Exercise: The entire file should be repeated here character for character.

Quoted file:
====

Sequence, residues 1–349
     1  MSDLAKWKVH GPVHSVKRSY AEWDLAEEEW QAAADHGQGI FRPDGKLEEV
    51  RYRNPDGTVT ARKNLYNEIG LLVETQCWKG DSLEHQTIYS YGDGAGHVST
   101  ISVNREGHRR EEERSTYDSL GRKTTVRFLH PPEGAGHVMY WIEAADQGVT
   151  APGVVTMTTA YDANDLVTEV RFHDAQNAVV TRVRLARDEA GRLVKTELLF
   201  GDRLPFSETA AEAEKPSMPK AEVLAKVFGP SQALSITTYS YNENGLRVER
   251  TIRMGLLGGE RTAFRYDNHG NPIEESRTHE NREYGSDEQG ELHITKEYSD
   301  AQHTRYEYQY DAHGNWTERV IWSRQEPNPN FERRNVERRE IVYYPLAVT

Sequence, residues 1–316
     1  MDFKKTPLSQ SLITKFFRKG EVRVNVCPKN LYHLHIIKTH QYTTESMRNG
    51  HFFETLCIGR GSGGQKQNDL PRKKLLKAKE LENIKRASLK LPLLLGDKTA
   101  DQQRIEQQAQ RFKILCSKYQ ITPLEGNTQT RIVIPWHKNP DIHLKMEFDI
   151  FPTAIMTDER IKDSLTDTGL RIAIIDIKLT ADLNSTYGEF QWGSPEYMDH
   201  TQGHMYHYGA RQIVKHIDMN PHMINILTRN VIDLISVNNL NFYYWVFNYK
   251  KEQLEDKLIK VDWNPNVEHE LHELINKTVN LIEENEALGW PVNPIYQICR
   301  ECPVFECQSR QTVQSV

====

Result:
Sequence, residues 1–349
     1  MSDLAKWKVH GPVHSVKRSY AEWDLAEEEW QAAADHGQGI FRPDGKLEEV
    51  RYRNPDGTVT ARKNLYNEIG LLVETQCWKG DSLEHQTIYS YGDGAGHVST
   101  ISVNREGHRR EEERSTYDSL GRKTTVRFLH PPEGAGHVMY WIEAADQGVT
   151  APGVVTMTTA YDANDLVTEV RFHDAQNAVV TRVRLARDEA GRLVKTELLF
   201  GDRLPFSETA AEAEKPSMPK AEVLAKVFGP SQALSITTYS YNENGLRVER
   251  TIRMGLLGGE RTAFRYDNHG NPIEESRTHE NREYGSDEQG ELHITKEYSD
   301  AQHTRYEYQY DAHGNWTERV IWSRQEPNPN FERRNVERRE IVYYPLAVT

Sequence, residues 1–316
     1  MDFKKTPLSQ SLITKFFRKG EVRVNVCPKN LYHLHIIKTH QYTTESMRNG
    51  HFFETLCIGR GSGGQKQNDL PRKKLLKAKE LENIKRASLK LPLLLGDKTA
   101  DQQRIEQQAQ RFKILCSKYQ ITPLEGNTQT RIVIPWHKNP DIHLKMEFDI
   151  FPTAIMTDER IKDSLTDTGL RIAIIDIKLT ADLNSTYGEF QWGSPEYMDH
   201  TQGHMYHYGA RQIVKHIDMN PHMINILTRN VIDLISVNNL NFYYWVFNYK
   251  KEQLEDKLIK VDWNPNVEHE LHELINKTVN LIEENEALGW PVNPIYQICR
   301  ECPVFECQSR QTVQSV